So, I've got my reading lined up, I'm all packed, and fortunately I got a passport earlier this year for the move to Canada.  Next time you hear from me, I'll be in Japan!  Until then -- sayonara!


First day at the new school
Caitlin, Calculass
calculass
Okay, ask me if my new school is noisy and crowded.  Go ahead, ask.  Why, thank you:  yes, it is noisy and crowded.  Eighteen hundred students!  And the building is three stories tall.  Actually, it's three storeys tall, this being Canada and all.  Hey, how do you find a Canadian in a crowded room?  Start stepping on people's feet and wait for someone to apologize to you.  :)

First day in tenth grade began with the Mom dropping me off and BrownGirl4 (luv ya, babe!) meeting me at the entrance.  I'd walked the empty corridors of the school several times last week, getting my bearings, but it's completely different now that the school is full of kids, so my folks are slipping BG4 a hundred bucks a week to escort me to our classes.  The school managed to work it so we're in all but one together.  No way I could be in the same French class as her -- je suis une beginneur, after all!

BG4 and I got desks beside each other in home room, and she said this guy in the next row was totally checking me out.  Go me!  Let's give him a code name, cuz I think he just might figure in future blog entries.  Hmmm, how 'bout ... the Hoser!  That's Canadian slang, folks -- google it!  Anyway, BG4 says the Hoser is famous for hitting on new girls in town, and I am, of course, tres exotique, although I'm not the only American in that class.  There's this chick from Boston named -- friends, I kid you not! -- poor thing's name is Sunshine!  It is to puke.  :P

Anyway, first period rocked because I am made out of awesome.  Can you guess which subject it was?  No points if you didn't answer "math."  And, after only one day, I totally own that class.  The teacher -- let's call him Mr. H, shall we? -- was amazed that I could do things in my head the other kids need a calculator for.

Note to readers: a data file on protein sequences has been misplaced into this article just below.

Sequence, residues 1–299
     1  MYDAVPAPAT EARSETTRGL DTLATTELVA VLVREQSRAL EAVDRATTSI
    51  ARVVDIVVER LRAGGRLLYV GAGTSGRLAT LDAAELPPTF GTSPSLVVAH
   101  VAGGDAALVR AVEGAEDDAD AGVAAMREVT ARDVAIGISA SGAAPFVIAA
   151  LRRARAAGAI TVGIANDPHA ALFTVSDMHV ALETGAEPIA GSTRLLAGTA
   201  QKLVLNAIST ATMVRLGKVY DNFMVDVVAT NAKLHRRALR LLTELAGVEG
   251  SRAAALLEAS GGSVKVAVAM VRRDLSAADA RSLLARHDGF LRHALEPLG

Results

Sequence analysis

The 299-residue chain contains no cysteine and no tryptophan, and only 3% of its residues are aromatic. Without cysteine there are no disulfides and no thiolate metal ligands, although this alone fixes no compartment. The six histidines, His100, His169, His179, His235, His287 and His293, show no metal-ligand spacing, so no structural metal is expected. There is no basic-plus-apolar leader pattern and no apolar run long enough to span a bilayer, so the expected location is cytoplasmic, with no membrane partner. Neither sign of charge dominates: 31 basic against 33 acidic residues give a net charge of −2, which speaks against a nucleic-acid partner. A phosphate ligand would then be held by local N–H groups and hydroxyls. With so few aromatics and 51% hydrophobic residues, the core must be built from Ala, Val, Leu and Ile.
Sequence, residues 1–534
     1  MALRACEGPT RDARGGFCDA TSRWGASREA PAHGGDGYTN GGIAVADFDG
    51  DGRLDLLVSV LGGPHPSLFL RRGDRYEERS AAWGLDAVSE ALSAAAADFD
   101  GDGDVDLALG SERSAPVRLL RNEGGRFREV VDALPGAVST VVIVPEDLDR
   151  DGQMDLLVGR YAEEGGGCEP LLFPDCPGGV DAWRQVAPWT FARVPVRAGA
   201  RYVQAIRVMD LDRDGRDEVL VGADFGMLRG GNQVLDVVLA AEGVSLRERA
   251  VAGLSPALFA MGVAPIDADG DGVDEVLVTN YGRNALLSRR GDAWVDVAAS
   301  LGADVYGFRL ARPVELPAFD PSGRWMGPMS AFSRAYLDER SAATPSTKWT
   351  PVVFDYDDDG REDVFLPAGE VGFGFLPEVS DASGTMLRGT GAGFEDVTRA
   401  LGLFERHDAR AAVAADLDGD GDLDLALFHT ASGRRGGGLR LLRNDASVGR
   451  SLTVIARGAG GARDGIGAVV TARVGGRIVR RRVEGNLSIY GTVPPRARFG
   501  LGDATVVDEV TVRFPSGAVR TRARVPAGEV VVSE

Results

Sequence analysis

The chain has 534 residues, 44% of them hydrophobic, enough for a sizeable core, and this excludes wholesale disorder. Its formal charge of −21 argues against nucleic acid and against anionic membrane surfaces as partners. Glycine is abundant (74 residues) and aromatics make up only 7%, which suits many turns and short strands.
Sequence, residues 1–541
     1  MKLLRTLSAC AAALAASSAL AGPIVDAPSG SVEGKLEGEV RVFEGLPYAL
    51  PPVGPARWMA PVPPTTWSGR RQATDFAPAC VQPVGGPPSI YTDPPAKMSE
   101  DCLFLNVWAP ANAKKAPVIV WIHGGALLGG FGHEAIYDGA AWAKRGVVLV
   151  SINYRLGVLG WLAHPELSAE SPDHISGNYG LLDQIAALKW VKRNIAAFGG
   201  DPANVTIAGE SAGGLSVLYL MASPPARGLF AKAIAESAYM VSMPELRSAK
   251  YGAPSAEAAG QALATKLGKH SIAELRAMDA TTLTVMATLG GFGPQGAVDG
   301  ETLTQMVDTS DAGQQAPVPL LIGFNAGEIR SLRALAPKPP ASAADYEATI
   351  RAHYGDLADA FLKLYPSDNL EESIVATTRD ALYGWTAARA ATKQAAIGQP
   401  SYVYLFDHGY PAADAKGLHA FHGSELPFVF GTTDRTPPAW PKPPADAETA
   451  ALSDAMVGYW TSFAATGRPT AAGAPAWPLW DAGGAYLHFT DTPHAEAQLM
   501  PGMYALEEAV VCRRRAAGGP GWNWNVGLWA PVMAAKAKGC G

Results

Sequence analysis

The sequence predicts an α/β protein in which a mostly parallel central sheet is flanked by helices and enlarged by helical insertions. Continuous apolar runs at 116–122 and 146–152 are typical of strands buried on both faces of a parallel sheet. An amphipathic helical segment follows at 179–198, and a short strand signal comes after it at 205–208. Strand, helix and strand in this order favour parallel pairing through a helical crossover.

After math, it was English.  We're doing a boring book about this angsty guy growing up on the plains of Manitoba.  It's got wheat in every scene.  I asked the teacher -- Mrs. Z, she is, and you could not have picked a more Canadian name, cuz she's Mrs. Zed, not Mrs. Zee, see? -- if all Canadian literature was like this, and she laughed and said, "Not all of it."  Oh what a joy English class is going to be!

Lunch was okay, but I swear to God I'll never get used to Canadians.  They put vinegar on French fries!  And BG4 told me about this thing called poontang.  Kidding, friends, kidding!  It's poutine:  French fries with cheese curds and gravy thrown on top -- it's like they use fries as a freakin' science lab up here.  Guess they don't have much money for real science, 'cept here in Waterloo, of course.  And that's mostly private moolah.  Yup, the all-important green stuff.  Well, except it's not green up here, I'm told; apparently it's all different colors.

Anyway, a lot of the money to fund the Perimeter Institute, where my dad works on quantum gravity and other shiny stuff like that, comes from Mike Lazaridis, cofounder of Research in Motion -- RIM, for you crackberry addicts.  Mike L's a great guy (they always call him that cuz there's another Mike, Mike B), and I think my dad is happy here, although it's so blerking hard to tell with him.

After lunch it was chemistry class, and that looks like it's going to be awesome.  I can't wait until we start doing experiments -- but if the teacher brings in a plate of fries, I'm outta there!